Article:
How about some code?

    A sample backbone collection would look like the following:

    var People = Backbone.Collection.extend({
        client: client,
        table: 'Table1',
        model: Person

    var people  = new People();
    var employee = people.create(data);

    As shown in the example above, the only additional parameters that need to be added to the collection are:

    • ‘table’: indicating the corresponding table where the collection must be saved on Azure
    • ‘client’: this client object corresponds to the WindowsAzure.MobileServiceClient and typically helps with authentication when writing data to the database.

    All other operations such as create, update and fetch are like the usual Backbone operations.

    The fetch operation can also take additional parameters to filter the required data to bring it to the browser. The options for filter can specify a ‘skip’, a ‘take’, or a ‘where’ clause. For detailed information, check out the README.md file.

    Call to action

    To get started with Windows Azure Mobile Services, check out the Windows Azure portal.

    You can find the Backbone adapter for Windows Azure Mobile Services project on our GitHub page.

    Please let us know what you think commenting on this post or in the project, and do not hesitate to point us to your great web apps using Windows Azure Mobile Services!

  • Interoperability @ Microsoft

    W3C Pointer Events Gains Further Web Momentum with Patch For Mozilla Firefox


    Microsoft Open Technologies, Inc., (MS Open Tech) has made another contribution towards interoperable support for Pointer Events across Web platforms by publishing an early open source prototype of the W3C Pointer Events Candidate Recommendation for Mozilla Firefox. This patch contribution advances the momentum around use of Pointer Events to build interoperable web sites that work with mouse, touch, and pen.

    The W3C Pointer Events emerging standard makes it easier to support many browsers and devices by saving Web developers from writing unique code for each input type. Pointer Events unifies how you code for point, click and touch across multiple devices.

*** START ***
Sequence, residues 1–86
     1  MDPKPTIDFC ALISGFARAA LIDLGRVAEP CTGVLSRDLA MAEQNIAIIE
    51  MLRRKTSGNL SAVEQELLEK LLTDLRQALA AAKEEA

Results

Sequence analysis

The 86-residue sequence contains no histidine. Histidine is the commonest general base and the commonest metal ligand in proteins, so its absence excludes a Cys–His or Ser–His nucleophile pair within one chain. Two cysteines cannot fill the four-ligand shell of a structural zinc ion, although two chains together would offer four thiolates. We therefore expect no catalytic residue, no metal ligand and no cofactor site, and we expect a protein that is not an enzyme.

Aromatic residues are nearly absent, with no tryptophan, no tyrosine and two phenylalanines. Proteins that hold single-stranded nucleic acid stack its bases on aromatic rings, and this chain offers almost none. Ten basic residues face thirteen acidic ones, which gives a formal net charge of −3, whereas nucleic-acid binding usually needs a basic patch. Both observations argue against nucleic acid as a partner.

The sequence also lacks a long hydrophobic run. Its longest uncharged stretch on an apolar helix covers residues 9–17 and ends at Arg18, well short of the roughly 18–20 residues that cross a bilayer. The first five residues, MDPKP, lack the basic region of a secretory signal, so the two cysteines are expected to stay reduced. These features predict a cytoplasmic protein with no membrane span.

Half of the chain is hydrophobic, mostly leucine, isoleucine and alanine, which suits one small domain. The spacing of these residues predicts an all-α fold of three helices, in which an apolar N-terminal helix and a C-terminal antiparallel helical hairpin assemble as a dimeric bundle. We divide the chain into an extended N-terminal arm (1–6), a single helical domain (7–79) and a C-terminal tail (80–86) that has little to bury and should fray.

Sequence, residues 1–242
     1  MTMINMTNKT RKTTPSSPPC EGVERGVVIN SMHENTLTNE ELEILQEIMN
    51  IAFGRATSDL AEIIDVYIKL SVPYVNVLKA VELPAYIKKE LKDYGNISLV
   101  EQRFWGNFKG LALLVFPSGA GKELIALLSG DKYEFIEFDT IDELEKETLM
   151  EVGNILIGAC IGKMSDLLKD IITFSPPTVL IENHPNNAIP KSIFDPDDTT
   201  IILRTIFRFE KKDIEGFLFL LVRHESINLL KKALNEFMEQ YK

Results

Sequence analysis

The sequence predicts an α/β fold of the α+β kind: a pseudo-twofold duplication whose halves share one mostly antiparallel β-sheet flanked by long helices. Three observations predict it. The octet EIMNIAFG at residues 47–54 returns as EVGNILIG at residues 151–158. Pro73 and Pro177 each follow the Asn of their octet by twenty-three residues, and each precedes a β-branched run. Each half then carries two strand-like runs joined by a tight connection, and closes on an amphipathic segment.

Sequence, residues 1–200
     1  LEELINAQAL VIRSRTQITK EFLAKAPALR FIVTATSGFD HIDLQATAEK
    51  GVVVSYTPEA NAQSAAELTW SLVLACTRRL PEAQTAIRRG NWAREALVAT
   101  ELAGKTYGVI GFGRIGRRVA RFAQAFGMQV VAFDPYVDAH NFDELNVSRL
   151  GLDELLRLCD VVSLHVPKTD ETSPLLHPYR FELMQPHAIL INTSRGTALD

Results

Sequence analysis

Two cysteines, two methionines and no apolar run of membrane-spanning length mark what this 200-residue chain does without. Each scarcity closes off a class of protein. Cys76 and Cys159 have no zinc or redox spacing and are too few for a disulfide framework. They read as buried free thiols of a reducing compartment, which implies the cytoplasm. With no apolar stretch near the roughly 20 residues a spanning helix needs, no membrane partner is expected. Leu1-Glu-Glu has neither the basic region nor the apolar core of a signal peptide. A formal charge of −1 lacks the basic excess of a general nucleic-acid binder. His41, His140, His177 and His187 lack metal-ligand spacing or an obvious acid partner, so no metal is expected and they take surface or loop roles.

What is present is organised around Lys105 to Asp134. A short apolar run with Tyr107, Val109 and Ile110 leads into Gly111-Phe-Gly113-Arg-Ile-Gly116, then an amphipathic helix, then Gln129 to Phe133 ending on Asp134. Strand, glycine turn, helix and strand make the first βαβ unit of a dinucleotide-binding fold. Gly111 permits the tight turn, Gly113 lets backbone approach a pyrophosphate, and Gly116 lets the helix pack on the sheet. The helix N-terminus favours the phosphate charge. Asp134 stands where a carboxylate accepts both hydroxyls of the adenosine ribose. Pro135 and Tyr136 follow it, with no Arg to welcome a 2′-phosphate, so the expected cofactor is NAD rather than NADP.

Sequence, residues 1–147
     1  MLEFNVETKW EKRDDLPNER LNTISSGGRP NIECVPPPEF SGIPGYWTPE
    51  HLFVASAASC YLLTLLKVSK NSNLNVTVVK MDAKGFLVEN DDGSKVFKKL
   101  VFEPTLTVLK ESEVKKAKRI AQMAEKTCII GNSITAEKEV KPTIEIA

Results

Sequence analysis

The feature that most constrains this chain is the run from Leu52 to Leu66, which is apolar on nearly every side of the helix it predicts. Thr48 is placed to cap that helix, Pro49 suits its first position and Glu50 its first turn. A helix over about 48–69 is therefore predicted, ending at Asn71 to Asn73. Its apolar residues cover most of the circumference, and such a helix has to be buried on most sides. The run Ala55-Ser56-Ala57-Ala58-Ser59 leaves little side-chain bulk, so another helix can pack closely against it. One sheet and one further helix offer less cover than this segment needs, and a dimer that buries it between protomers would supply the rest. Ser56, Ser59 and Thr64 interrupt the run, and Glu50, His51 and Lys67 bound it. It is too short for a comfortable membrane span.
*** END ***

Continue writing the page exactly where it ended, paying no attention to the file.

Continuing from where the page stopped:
Previously, MS Open Tech announced further interoperable support for Pointer Events in Blink by submitting a formal Intent to Implement to enable our engineering team to actively collaborate and work toward a positive adoption of Pointer Events by the Blink developer community. Earlier this year, MS Open Tech published Pointer Events prototypes for WebKit on HTML5 Labs and submitted patches to the WebKit developer forum. Our previous Blogs have discussed Pointer Events adoption in Internet Explorer, Chrome/Blink, and in JavaScript libraries such as jQuery, and Dojo. This initial open source patch for Mozilla Firefox adds to the Web community convergence around the Pointer Events specification and we plan to continue our collaboration with the Blink, WebKit and Mozilla communities.

    MS Open Tech and the Microsoft Internet Explorer teams will continue to work with our colleagues across the industry, engaging developers to test and provide feedback on the specification to W3C.

    Contribute to the New Pointer Events Functionality in Firefox

    We encourage interested developers to participate in the community process and provide feedback to ensure that Mozilla Firefox will enable a great Pointer Events implementation. As you start building, migrating, or testing your Web apps using Pointer Events, you should check out the resources available on the Pointer Events Wiki at Web Platform Docs:

    Jump in, have fun with the demos, join the discussion at #PointerEvents and update your site with the cool capabilities of Pointer Events. Point. Click. Touch.

    Asir Vedamuthu Selvasingh, Principal Program Manager
    Microsoft Open Technologies, Inc.

    Adalberto Foresti, Principal Program Manager
    Microsoft Open Technologies, Inc.

    Oleg Romashin, Senior Engineer, Microsoft Open Technologies Hub

  • Interoperability @ Microsoft

    MS Open Tech Releases Open Source Patch for OpenSSL to Enable HTTP/2.0 Secure Negotiation


    As part of our commitment to the progress of HTTP/2.0 in an open and interoperable fashion, Microsoft Open Technologies, Inc., has yesterday reached out to the OpenSSL community with a proposed contribution supporting Application Layer Protocol Negotiation (ALPN) in the OpenSSL encryption libraries. We submitted a patch request to http://www.openssl.org/ that implements the relevant part of the HTTP/2.0 specification available at http://tools.ietf.org/html/draft-ietf-httpbis-http2-03#section-2.3.

    Security and encryption are critical components of the next version of the HTTP protocol. If you have been following the HTTP/2.0 effort, the industry is collaborating in the IETF Transport Layer Security Working Group (TLS WG) and ALPN has been adopted as a WG draft with a broad set of contributors including Microsoft, Cisco, Google, and Orange. The latest working draft at IETF requires the use of ALPN as the mechanism for secure negotiation which means ALPN will now be a key part of HTTP/2.0.